Monday, January 25, 2021

Temper Tantrums, Whining and Begging...not fun for anyone.

We wonder, is it too much to ask our children to cooperate, to accept no as an answer, to understand they cannot always have what they want? 

And yet for many of us, this is a daily struggle.  The necessary tasks of life become a battle ground:  getting dressed, putting away belongings, helping out around the house and brushing teeth.
At the grocery store we are begged  for candy or toys, although we have said no many times.  And the list goes on.  

Lucky for us, there are some tried and true ideas that have worked for many parents.  These are not magic (wouldn't that be great?), they require hard work, lots of patience and possibly most important of all, consistency.  That last one was nearly my downfall. 

Let's begin with one simple response to begging and pleading.  We'll use the grocery store and asking for candy as an example.  Now, of course, before we leave for the store we make sure we say that there will be no candy purchases made today.  

As you begin to check out, the display of candy catches the child's eye.  "Mom, look.  That's my favorite candy!  Can I have one? "  "No, I told you, no candy at the store today."  "But, mom, I really want one.  I'll be good.  The next time I won't ask, I promise."  "I said, NO CANDY."  Our patience is wearing thin at this point, and we often follow up with "How many times do I have to tell you, NO."  Ah, and then the tears begin and the voice gets louder.  People are starting to give us "that look".  You know...why doesn't she control that kid look.  And everything goes downhill from here, including threats of punishment when we get home, never getting candy again and increasing anger on both sides.  

Instead, try this (I promise you it works!):  "Mom, there's my favorite candy!  Can I have one?"  "Oh, I know you really like that candy.  Today is the day we are not buying candy."  " But I really, really want one."
Now, here is the magic:  we choose a simple phrase to repeat every time the child argues, begs or whines.  I like "I know."  Some others are:  I see.  That's sad.  Oh my.  You get the idea.  And we must say this with the most quiet, bored voice possible.  No anger, no frustration, no sarcasm.  This is the hard part.  There may be a full fledged temper tantrum, but stick to the same words.  If necessary, leave the store.  Before long the child gets the idea that begging, pleading, anger and whining do not work.  Children will only continue with behavior which gets a result.  That result may be making the parent angry (I am powerful.  I can make mom mad.) or getting the candy (Mom doesn't mean what she says) .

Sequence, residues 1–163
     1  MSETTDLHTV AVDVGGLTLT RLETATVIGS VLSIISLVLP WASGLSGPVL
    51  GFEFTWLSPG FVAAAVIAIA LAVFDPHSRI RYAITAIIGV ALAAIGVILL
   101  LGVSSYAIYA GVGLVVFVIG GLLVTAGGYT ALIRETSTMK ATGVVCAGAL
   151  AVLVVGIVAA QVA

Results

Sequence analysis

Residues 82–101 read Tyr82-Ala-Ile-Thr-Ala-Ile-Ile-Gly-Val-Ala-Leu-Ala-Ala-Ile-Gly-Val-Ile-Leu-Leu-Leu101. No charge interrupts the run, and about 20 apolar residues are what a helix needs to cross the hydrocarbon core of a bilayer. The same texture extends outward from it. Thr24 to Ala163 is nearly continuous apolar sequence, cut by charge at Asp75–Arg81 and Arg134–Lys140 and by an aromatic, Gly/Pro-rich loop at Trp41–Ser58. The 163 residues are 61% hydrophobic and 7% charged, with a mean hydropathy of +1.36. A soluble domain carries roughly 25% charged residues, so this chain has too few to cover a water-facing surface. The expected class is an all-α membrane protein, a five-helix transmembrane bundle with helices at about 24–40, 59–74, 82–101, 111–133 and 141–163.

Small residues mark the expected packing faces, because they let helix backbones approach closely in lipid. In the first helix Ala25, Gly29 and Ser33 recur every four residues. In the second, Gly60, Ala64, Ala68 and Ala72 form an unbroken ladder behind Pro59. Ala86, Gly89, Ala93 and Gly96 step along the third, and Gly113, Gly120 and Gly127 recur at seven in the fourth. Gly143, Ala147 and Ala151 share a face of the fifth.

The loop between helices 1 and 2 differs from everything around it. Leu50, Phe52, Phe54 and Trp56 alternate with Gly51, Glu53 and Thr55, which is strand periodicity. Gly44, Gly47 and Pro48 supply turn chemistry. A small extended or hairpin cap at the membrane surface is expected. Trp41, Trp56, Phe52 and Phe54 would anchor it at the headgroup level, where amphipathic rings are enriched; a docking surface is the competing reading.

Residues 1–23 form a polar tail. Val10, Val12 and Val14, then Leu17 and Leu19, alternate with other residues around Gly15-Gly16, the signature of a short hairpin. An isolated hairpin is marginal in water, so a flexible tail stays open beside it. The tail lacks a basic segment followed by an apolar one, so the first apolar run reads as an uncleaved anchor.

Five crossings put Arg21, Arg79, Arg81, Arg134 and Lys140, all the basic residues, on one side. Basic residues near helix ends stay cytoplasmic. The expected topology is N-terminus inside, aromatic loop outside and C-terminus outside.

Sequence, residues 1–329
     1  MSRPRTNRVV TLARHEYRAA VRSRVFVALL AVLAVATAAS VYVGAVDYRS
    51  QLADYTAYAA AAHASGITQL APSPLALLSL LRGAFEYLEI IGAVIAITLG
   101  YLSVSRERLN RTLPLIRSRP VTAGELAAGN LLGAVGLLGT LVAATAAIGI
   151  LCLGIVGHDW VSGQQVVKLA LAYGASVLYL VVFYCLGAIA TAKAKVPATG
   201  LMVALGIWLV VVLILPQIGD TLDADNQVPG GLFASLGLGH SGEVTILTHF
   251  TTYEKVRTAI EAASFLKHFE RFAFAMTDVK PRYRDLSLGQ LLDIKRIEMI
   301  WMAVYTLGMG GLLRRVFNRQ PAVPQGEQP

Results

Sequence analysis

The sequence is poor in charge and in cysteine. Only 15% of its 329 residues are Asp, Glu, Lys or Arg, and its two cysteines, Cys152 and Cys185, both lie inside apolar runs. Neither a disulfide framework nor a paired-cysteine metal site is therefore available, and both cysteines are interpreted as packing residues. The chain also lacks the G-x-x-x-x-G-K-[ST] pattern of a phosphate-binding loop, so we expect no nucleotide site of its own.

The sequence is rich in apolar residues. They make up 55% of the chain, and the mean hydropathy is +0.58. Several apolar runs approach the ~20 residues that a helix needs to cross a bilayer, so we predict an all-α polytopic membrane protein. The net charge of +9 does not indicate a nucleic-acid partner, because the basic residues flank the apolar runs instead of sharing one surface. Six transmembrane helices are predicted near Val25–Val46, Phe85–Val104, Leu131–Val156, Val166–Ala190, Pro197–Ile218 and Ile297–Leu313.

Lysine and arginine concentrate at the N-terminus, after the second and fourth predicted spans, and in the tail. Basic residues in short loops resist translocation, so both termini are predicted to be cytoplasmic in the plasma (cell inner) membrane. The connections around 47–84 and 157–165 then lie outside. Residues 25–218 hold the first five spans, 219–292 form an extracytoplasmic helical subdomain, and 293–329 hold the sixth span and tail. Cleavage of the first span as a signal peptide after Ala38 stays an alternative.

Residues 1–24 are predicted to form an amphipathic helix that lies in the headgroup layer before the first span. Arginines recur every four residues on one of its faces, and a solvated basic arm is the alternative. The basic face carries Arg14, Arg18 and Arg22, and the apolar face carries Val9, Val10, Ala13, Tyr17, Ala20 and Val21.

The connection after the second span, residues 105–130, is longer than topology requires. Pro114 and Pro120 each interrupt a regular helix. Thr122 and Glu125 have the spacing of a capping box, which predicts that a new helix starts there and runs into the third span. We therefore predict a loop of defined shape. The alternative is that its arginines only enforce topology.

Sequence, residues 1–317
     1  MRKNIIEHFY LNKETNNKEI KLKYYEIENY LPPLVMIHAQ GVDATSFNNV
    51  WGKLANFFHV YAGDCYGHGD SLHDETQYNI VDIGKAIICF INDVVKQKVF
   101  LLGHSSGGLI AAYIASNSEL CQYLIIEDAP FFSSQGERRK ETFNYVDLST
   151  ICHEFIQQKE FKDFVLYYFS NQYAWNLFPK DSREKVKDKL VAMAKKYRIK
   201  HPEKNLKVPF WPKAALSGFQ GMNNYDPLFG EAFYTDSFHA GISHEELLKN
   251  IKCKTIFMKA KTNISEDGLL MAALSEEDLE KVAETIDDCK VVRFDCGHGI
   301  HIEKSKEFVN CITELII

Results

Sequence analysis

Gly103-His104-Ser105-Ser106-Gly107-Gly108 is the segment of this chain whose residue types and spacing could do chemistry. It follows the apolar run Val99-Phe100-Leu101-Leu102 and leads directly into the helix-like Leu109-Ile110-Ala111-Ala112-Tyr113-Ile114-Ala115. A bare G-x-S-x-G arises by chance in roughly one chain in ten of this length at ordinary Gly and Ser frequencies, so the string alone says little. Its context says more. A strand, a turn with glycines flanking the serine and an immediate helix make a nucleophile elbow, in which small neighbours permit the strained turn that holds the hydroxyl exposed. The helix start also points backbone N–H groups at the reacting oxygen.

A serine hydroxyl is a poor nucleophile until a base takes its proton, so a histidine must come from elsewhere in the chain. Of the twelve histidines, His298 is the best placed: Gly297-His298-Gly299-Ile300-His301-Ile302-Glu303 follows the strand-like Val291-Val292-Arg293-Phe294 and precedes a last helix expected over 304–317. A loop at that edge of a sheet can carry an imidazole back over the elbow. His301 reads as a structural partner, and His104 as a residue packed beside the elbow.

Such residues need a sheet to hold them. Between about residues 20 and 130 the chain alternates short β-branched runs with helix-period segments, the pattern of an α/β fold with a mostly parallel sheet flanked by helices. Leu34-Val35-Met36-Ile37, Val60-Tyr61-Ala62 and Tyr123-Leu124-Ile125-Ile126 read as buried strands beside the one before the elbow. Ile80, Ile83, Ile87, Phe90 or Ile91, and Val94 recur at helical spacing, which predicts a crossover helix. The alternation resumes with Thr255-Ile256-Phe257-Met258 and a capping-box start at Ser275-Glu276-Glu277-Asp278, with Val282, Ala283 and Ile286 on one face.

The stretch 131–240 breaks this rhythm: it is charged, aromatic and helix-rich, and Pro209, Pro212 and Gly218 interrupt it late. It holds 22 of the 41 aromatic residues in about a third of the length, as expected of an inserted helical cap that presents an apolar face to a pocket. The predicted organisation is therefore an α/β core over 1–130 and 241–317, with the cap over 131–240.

Another idea that can work wonders in some situations is to turn our no into yes.  Now, that does not mean letting the child do whatever they want.  Often we can rephrase our response to a request like this: 
"Dad, can we go to the park and play ball?"  Now it is not possible.  You are busy, it is nearly dark and dinner is ready.  Of course, no is the answer.  Ah, but how about this: Yes, that would be a lot of fun.  We can go to the park on Saturday morning.  It should be a sunny day and I will be finished this job by then.  Or would you rather go on Sunday?  I can do either one.  The child may say he wants to go now and we respond: I know. Me too! Would you like to go on Saturday or Sunday?  Almost always the child will like having a choice and be understanding about the delay.  Save the no for those times when there isn't an alternative.  

 You may leave questions and comments by clicking on the comment button at the bottom of the page.  Have a great week!

Monday, January 11, 2021

Parenting with Montessori and Love and Logic


Many parents of AMCS students have attended our in person Parenting with Montessori and Love and Logic meetings.  These two books are an excellent starting point for getting ideas that will make parenting effective, less stressful and even fun!  As we are not able to have in person meetings at this time this online space will give us a format to get the same information with the opportunity to comment and ask questions.  

We welcome your input and ideas.  There will be a new post every two weeks beginning on January 18th with advance information on what will be discussed and resources you can use on your parenting journey.  Our first post will address getting cooperation; a very important topic during these times.  Have a great week!

Thursday, December 10, 2020

Making Holidays Happy ....Can It Be Done, especially now!

Is this the scene we all imagine when we think about the winter holidays?  For most of in Houston that rarely (if ever) means snow and a blazing fire. 

There are a few challenges that come with this time of year.  If your family celebrates Christmas the rush of decorating, buying presents, finding a tree, hosting parties and family gatherings can be overwhelming, especially this year when gatherings may or may not be possible.   If your family observes other holidays that do not occur in December it can be difficult to manage all of the excitement in the air. 

Each family must choose how, if and when they participate in the holiday events.  One thing that is common to all is the coming of winter.  It is easy to decorate the home with winter in mind, to arrange a trip to ice skate or play in one of the "snow storms" that are set up around the city.  All can enjoy the lights at the zoo, in our neighborhoods and at Discovery Green. 

Of course there are many who are less fortunate, who find it difficult to put food on the table, to have warm clothing for their family, to provide even the most simple of toys.  The joy of giving to others can bring a sense of belonging, of being of service, and feeling that we have done some good.  Perhaps your family can do a food drive in the neighborhood, go through their toys and donate gently used but outgrown ones to charities.  Children can raise money for the homeless and food banks. Simply  baking some cookies and taking them to a lonely neighbor can lift our spirits and bring our families together. 

Take a winter walk on the beach, or go on a hunt for winter pictures, play board games, visit a park and roast marshmallows, sing, tell stories and gather together in person where possible, or virtually, to celebrate a season of family and caring for our fellow human beings.  Most of all, remember that we really are one world.  

Have a wonderful winter holiday.  Look for another post in a week with a funny, true and workable solution to an overload of toys!

Let there be peace on earth and let it begin with me. 

Wednesday, October 7, 2020